1.5M Records Exposed in Systema Software Data Breach

An error by a contractor has caused a Systema Software data breach that exposed the confidential data of upwards of 1.5 million individuals.

Data exposed in the Systema Software data breach included names and other personal information, Social Security numbers, unique client and claimant ID numbers. The data related to medical services provided, treatment dates, billing amounts, insurance claim information, police reports, and details of authorized and rejected insurance claims.

Data breaches are often discovered by the entity in question, but in this case it was a tech enthusiast, Chris Vickery, who discovered that a colossal amount of highly sensitive data was freely available via Amazon Web Services. Out of curiosity he downloaded some of the data to his computer. When he realized the contents of the files, he started contacting the companies mentioned in the files to alert them to the security breach. He also notified databreaches.net about his discovery.

Vickery told Databreaches.net “There were a minimum of 1.5 million individuals who had personal details exposed, probably 1 million SSNs, more than 5 million financial transactions detailed, over 1000 entities that had data exposed, and hundreds of thousands of injury reports. Not all entities are necessarily clients of the software firm.” He also said, “Tons of financial transaction data. Bank accounts with routing numbers, check numbers, amounts, dates… and not everyone is a client. Any person or company that got paid-out is at least mentioned.”

Systema had numerous HIPAA-covered entities among its clients, and was employed by a number of U.S companies to process their insurance claims. One of the companies that had data exposed in the incident was the Kansas State Self Insurance Fund. Over 1 million of its confidential records were estimated to have been accidentally posted to the cloud. CSAC Excess Insurance Authority (CSAC-EIA) was also affected, having approximately 570,000 records exposed, as well as 4.7 million notepad files and approximately 3 million payment entries. A number of other clients were reportedly affected.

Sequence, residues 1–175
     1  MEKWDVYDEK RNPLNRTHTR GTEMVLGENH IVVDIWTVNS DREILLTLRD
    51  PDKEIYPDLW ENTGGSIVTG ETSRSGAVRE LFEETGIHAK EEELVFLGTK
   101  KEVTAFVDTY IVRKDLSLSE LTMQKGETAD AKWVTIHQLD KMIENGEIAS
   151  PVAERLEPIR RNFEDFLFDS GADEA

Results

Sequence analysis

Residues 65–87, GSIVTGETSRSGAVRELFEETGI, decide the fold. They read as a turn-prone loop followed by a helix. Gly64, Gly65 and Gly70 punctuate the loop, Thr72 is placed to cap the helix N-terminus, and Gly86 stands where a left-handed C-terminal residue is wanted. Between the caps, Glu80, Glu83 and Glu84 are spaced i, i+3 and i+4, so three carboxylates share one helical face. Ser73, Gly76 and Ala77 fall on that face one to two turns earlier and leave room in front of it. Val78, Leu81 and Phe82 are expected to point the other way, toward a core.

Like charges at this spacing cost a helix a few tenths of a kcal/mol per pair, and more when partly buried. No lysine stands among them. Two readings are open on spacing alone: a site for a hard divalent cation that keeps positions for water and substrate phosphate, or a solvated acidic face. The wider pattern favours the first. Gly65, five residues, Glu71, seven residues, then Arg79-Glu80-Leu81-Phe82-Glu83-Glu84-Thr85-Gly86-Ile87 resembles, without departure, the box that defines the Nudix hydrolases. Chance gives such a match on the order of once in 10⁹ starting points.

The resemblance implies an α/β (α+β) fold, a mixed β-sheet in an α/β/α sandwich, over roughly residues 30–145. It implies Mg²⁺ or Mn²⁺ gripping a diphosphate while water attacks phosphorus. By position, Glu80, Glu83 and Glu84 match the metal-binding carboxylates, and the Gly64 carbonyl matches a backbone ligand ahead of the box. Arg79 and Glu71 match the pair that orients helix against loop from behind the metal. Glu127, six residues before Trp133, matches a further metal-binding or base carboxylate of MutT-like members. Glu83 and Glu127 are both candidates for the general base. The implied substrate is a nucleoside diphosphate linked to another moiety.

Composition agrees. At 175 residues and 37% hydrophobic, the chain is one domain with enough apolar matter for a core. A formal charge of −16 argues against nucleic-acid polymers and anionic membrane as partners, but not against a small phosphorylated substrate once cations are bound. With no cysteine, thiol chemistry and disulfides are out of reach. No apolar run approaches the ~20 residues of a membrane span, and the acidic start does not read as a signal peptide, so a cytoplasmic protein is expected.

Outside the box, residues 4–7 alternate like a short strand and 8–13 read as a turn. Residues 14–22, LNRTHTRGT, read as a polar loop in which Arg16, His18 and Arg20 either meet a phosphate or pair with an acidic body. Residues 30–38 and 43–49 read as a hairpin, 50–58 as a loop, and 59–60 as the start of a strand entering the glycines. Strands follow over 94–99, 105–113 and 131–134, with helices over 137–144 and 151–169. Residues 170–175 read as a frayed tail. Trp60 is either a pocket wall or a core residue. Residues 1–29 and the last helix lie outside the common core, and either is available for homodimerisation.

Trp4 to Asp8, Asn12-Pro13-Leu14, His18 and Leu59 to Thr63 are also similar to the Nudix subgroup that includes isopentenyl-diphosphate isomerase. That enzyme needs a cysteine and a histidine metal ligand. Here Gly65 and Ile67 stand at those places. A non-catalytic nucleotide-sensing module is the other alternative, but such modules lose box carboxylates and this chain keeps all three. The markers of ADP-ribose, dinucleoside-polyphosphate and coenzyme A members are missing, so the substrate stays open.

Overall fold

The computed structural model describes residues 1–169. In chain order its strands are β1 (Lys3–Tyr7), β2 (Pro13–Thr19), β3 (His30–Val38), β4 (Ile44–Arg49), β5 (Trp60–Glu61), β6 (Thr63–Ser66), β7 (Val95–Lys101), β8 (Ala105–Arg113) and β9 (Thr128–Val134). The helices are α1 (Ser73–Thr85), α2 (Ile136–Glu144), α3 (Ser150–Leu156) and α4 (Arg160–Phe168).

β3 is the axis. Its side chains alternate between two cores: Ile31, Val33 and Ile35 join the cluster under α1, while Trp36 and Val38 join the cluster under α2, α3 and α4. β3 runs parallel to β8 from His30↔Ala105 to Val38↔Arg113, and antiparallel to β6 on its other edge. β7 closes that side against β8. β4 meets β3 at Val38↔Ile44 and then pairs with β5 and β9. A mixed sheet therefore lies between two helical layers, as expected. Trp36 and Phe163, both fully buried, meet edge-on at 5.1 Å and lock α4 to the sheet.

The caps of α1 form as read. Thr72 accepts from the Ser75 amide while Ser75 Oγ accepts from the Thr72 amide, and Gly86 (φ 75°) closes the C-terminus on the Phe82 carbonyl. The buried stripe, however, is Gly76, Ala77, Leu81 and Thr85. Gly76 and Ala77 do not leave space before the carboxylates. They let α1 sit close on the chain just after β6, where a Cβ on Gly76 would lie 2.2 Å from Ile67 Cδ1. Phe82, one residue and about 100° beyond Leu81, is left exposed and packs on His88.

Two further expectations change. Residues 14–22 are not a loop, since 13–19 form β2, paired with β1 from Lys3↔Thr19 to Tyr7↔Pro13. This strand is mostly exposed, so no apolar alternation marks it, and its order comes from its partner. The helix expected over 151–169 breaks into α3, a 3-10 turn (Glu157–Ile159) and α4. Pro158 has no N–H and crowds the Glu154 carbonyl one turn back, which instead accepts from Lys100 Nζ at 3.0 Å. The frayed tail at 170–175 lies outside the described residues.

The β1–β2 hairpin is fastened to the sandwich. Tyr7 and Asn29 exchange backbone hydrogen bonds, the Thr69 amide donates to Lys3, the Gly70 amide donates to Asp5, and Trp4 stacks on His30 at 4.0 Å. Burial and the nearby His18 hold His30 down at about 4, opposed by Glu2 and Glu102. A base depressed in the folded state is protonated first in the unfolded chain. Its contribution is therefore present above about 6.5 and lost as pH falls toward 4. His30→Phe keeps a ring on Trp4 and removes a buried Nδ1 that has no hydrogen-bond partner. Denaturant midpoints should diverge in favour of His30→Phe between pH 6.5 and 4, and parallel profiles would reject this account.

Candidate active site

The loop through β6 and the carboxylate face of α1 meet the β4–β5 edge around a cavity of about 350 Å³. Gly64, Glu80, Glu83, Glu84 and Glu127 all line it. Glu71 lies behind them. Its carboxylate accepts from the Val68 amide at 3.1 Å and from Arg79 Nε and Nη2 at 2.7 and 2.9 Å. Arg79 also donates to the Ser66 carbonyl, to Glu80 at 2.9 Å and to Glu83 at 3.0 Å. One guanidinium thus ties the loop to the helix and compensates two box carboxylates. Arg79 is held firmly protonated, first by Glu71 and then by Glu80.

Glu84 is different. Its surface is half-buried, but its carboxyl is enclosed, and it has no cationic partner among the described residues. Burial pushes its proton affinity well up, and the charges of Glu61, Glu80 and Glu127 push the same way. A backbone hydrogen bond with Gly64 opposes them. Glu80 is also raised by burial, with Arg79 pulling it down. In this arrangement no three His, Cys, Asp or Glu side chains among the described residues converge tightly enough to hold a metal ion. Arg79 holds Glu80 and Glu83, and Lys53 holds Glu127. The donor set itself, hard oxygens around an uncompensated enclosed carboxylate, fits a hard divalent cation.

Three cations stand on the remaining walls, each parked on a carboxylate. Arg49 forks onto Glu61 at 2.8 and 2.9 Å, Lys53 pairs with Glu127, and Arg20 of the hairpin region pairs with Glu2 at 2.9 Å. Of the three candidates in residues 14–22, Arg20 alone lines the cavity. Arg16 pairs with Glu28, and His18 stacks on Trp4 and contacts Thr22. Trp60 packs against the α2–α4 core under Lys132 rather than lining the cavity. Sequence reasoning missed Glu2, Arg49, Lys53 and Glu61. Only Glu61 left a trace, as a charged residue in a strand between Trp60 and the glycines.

After Vickery contacted clients affected by the Systema Software data breach, investigations into the security incident were swiftly initiated. According to the Kansas Department of Health and Environment, files were rapidly taken offline to prevent the data being downloaded by any other individual. It is not clear whether any other person was able to gain access to the data, and whether any information is still out in the open. However, the Kansas Department of Health and Environment issued a statement saying “We have worked with our contractor to determine what information was available and to whom it was available. We are confident that all identities remain safe and confidential.”

Systema Software also investigated the breach to determine how its data had been uploaded to the cloud. Systema Software CEO, Danny Smith, replied to an email sent by Vickery saying, “Our clients are looking for confirmation that you have not shared their data with anyone else, will not share it, and will delete it.” Vickery confirmed that that was the case, and has subsequently received assistance from the Texas Attorney general to make sure all traces of data are permanently erased from his computer hard drive.

Author: Richard Anderson

Richard Anderson is the Editor-in-Chief of NetSec.news